For the Washington Post, there's no such thing as a war that America can't afford.
In an editorial today, the Washington Post takes President Obama to task for being concerned about the cost of the war in Afghanistan and the fact that it conflicts with domestic priorities. That the Washington Post, a knee-jerk supporter of war for empire, would slam President Obama for this is the opposite of surprising. Nonetheless, what the Washington Post actually said in its editorial is still breathtaking:
Mr. Obama repeatedly cites the cost of the war and the need to shift resources to domestic priorities -- though spending on Afghanistan is well below 1 percent of U.S. gross domestic product.
We have been led to believe that official Washington is seized with urgency about long-term projections of U.S. budget deficits. Yet here is the Washington Post, downplaying the cost of the war in Afghanistan on the grounds that it is "well below 1 percent" of U.S. GDP.
Logically, there are two possibilities.
One possibility is that the Washington Post is saying that in the future, we can ignore any government expenditure or savings that amounts to less than 1% of U.S. GDP as being too small to bother about.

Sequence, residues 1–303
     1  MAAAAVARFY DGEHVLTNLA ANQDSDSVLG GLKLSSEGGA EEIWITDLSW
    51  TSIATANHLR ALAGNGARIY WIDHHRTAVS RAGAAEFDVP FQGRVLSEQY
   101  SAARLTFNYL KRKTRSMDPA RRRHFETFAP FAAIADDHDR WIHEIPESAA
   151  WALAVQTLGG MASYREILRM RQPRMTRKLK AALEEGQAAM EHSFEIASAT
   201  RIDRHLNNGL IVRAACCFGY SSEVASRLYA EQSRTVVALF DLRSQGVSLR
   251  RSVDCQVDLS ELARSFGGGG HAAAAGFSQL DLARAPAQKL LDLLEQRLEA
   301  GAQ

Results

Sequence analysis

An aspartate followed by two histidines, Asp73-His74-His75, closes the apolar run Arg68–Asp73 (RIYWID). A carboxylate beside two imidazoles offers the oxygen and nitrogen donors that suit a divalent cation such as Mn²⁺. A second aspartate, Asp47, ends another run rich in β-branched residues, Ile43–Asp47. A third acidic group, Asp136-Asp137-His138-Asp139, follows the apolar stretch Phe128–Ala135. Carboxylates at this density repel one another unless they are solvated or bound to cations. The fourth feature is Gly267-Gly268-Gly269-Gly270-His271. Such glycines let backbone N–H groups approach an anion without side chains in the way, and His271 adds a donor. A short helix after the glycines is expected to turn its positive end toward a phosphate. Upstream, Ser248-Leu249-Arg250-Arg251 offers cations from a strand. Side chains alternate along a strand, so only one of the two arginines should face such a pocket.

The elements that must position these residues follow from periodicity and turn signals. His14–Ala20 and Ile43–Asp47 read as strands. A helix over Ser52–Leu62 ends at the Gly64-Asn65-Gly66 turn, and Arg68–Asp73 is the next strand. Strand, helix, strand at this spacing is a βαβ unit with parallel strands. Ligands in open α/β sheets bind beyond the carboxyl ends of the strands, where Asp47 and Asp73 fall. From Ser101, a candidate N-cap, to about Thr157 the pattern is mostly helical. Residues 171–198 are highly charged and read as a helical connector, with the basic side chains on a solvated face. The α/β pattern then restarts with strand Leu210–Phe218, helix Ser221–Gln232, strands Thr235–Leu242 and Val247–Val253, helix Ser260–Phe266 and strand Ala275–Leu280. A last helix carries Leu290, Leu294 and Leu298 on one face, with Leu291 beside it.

The other possibility is that according to the Washington Post there are two standards for judging costs. One standard is for war, in which an expenditure of less than 1% of GDP is too small to bother about. The other standard is for domestic spending that benefits the majority of Americans, in which a reduction of government expenditure of less than 1% of GDP is something that should be seriously considered.
Considering the Washington Post's view of proposals to reduce the projected long term deficit in the combined budget by cutting Social Security benefits by raising the normal retirement age to 70, it's seems apparent that the Washington Post's view is the latter: spend freely on the war, pinch pennies from America's working families.
I asked economist Dean Baker how much raising the normal retirement age would be likely to save. He said it would be about 0.7% of GDP. Thus, according to the across-the-board "less than 1% of GDP" standard, this would be too small to bother with.
But that is not the view of the Washington Post. In a front-page news analysis on September 24, the Washington Post took Congressional Republicans to task for not "offering solutions" to "tackling the ever-growing cost of entitlement programs" in their "Pledge to America."
What's the very first example of a "solution" that the Washington Post complains the Congressional Republicans did not offer?
"raising the Social Security retirement age"
Therefore, the conclusion is clear. The Washington Post wants you to work until age 70 before collecting Social Security benefits - or receive reduced benefits for retiring earlier than age 70 - in order to pay for the Washington Post's sacred war in Afghanistan.